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Harley throttles into Cambodia

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Cambodia’s first Harley-Davidson dealership is under construction and will open later this year in Phnom Penh. Hong Menea

Harley throttles into Cambodia

Harley-davidson, the iconic and globally recognised US motorcycle manufacturer, will soon be roaring into Cambodia with the country’s first dealership set to open in the next few months.

Located across from the Phnom Penh International Airport, the Harley-Davidson dealership is expected to open this June, according to Steve Beattie, general manager of Harley-Davidson Phnom Penh. The franchise rights for Harley are owned by HGB Group, a local investment firm that already has a foothold in the Kingdom’s luxury motorcycle and automotive market.

Beattie was quick to note that the famous motorcycle line is more than just a brand name and has over the decades evolved to invoke a lifestyle among avid Harley-Davidson riders worldwide. He hopes that the showroom will act not only as a dealership but provide a place for riders and enthusiasts to gather before cruising on the Kingdom’s roads.

“The whole point with Harley-Davidson is that it is not purely motorcycle focused,” he said. “When you buy a Harley-Davidson, you then make it your own. You will spend time, thought and money on making that bike something that is very personal for you.”

Cambodia already has a few Harley-Davidson riders who are well acquainted with the brand and they will form the company’s core customer base, Beattie explained. The group will then primarily target the more affluent segment of the population who can afford the costs of high-end motorbikes and gear, he added.

“We are tapping into an existing market with the existing riders because they are our core customers,” he said. “They are the guys that have supported the brand in Cambodia despite not having a dealership, but obviously we also want to broaden that appeal and we want to encourage new customers.”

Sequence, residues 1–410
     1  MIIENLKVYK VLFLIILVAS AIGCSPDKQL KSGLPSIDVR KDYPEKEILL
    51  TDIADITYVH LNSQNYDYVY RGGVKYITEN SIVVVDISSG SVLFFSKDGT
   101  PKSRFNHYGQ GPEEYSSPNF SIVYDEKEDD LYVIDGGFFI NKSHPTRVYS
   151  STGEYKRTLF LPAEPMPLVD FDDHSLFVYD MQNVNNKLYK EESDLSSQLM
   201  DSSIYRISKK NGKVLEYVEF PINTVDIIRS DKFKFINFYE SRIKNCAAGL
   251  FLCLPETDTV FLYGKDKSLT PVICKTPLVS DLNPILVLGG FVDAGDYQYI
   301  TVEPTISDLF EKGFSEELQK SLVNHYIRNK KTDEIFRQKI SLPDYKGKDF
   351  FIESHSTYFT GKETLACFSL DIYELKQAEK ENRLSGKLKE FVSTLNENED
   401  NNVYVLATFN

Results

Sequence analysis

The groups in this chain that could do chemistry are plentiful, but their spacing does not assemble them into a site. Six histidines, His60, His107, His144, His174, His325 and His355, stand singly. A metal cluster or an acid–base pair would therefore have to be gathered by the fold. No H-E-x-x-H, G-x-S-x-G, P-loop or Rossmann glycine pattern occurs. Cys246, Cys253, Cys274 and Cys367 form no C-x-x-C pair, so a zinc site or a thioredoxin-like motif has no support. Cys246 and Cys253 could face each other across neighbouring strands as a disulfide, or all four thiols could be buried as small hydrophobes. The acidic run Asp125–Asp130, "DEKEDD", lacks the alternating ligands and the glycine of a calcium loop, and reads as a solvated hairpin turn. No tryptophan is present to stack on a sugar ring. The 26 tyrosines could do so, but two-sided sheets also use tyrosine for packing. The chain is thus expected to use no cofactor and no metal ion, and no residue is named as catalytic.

The dealership will be comprised of a shop offering a wide array of Harley-Davidson motorcycles as well as brand merchandise, accessories, spare parts, riding gear and a full-service mechanic that will be able to handle customisation demands.

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Beattie explained that for HGB, the growth of the Cambodian economy and the country’s growing middle class made the country an attractive market for high-end motorcycles, though it will take some time for a return on investment.

“We may be a little ahead of the curve but that is precisely where we want to be. We want to help create that iconic market that people buy into,” he said. “Once you hear a Harley-Davidson riding down the highway, you will want to know more.”

Lengchan Socheat, director of operations and research at market research firm TNS Cambodia, said he believed the Harley-Davidson brand was easily recognisable by foreigners living in the country but that local knowledge remained limited. He said HGB would need to offer a variety of differently priced models in order to create consumer demand and expand its market reach.

“[Cambodians] have limited awareness and knowledge of such customised products like Harley-Davidson and budget limitations are still a key barrier for them to buy high-end and luxury motorbikes,” he said.

“All in all, the demand size for such luxury and high-end motorbike has still not aggressively gone up so the brand should take a bit of time to educate the market and increase the awareness before gaining a market share.”

Sean Wong, founder and director of the official Phnom Penh Harley Owner Group (HOG) chapter, said there is a small but dedicated Harley-Davidson community in Cambodia, with only 10 members in the official chapter and several more in other motorcycle groups.

“Cambodia is such a small country but there is a passionate group of Harley-Davidson riders,” he said. “With the new dealership, we hope to have easy access to technical support, new models and new technology.”

Wong noted that in the past, some riders would need to ride to Vietnam or Thailand to service their bikes, adding that with the new location, Cambodia-based Harley owners can have access to the services in “our backyard”.

Tommy Christensen, who drove his Harley from Singapore to Cambodia and is a lifetime member of the global HOG group and vice president of the Cambodian Biker Club, estimated there were between 50 to 80 active Harley-Davidson riders in Cambodia. He added that there already is a demand for more Harley motorbikes, especially as the country’s infrastructure and roads improve.

“Harley-Davidson is a brand that people want,” he said.

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